Juliet Newman has it all. A picture-perfect family; a handsome, loving boyfriend; and a foolproof life plan: ace her SATs, get accepted into Harvard early decision, and live happily ever after.
But when her dad moves out and her mom loses it, Juliet begins questioning the rules she’s always lived by. And to make everything even more complicated there’s Declan, the gorgeous boy who makes her feel alive and spontaneous—and who’s totally off-limits. Torn between the life she always thought she wanted and one she never knew was possible, Juliet begins to wonder: What if perfect isn’t all it’s cracked up to be?
Better than Perfect is built around an interesting idea – what is the ‘perfect life’, and do we work so hard towards that perfection that we lose sight of what we actually want? For Juliet, perfect is pretty straightforward – excel at school, excel at sport, be a good friend and girlfriend and get into Harvard. It’s only when her mother is hospitalised that Juliet’s life begins to change and she begins to question herself and her future.
OK, let’s talk about the elephant in the synopsis – Juliet cheats on her boyfriend. Now, I know a lot of people are bothered by cheating in books, but it’s not normally something that particularly bothers me – it happens in real life, and sometimes there are circumstances that don’t exactly excuse it, but explain it. However, in Better than Perfect I had several issues with it. Firstly, Juliet’s boyfriend, Jason, isn’t a horrible boyfriend – although he lacks some character development and a lot of personality, he’s kind and supportive and is always there for Juliet when she needs him. They call each other J constantly, which annoyed me quite early on and they have some really cheesy habits, but I felt so sorry for him – he tries to do the right thing and Juliet not only cheats on him, she never admits to it either. Secondly, for large parts of the book there is very little interaction between Juliet and Declan – it wasn’t that there was a huge personality click and chemistry that had me convinced they were meant to be together.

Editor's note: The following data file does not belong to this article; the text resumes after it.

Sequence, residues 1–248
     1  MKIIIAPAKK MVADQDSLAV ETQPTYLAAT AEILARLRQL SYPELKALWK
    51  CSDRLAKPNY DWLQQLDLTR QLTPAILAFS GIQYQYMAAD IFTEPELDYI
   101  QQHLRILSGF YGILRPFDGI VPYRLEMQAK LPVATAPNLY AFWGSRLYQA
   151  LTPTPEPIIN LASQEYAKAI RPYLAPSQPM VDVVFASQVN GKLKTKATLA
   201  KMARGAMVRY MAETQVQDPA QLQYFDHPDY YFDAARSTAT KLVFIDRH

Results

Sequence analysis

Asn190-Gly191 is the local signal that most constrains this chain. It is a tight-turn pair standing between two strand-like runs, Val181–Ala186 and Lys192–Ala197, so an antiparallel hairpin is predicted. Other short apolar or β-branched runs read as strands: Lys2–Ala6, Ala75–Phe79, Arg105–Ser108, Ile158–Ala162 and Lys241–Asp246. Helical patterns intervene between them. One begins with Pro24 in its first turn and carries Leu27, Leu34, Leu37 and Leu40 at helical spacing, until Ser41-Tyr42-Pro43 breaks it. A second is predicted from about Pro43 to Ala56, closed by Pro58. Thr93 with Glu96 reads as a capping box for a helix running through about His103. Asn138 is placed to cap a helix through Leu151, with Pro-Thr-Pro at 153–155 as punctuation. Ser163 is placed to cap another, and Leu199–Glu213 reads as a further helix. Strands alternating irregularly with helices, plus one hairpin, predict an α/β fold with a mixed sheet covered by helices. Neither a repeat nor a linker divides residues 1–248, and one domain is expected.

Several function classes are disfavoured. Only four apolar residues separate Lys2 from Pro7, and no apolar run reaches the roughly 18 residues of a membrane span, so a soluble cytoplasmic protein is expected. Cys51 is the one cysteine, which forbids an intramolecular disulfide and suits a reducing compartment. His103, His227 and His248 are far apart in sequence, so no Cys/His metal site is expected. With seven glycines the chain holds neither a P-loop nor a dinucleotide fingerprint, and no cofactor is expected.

I also found it very difficult to sympathise with Juliet – she has a pretty easy life, and although I could feel her vulnerability when she starts to realise that what she thought was a perfect life is actually far from it, she does, and thinks some very selfish things when it comes to her parents. She doesn’t seem to feel sad that her mother is struggling with her own life, and in fact at times comes across as rather bratty and spoilt.
There are a lot of plot lines that seem to go nowhere too, and I was incredibly curious about those parts of the story that just petered out and died when they had served the purpose of sending Juliet in a different direction. I love when characters realise something about themselves or their futures that they have never considered and then pursue it with passion, but Juliet just kind of flounders about for most of the book and then makes one decision right at the very end of the book.
Overall, Better than Perfect was an excellent idea, that just didn’t live up to expectations in terms of plot development and character development. Coupled with an unmemorable, rather unlikable main character who did things that I found incredibly irritating, sadly I just couldn’t enjoy it.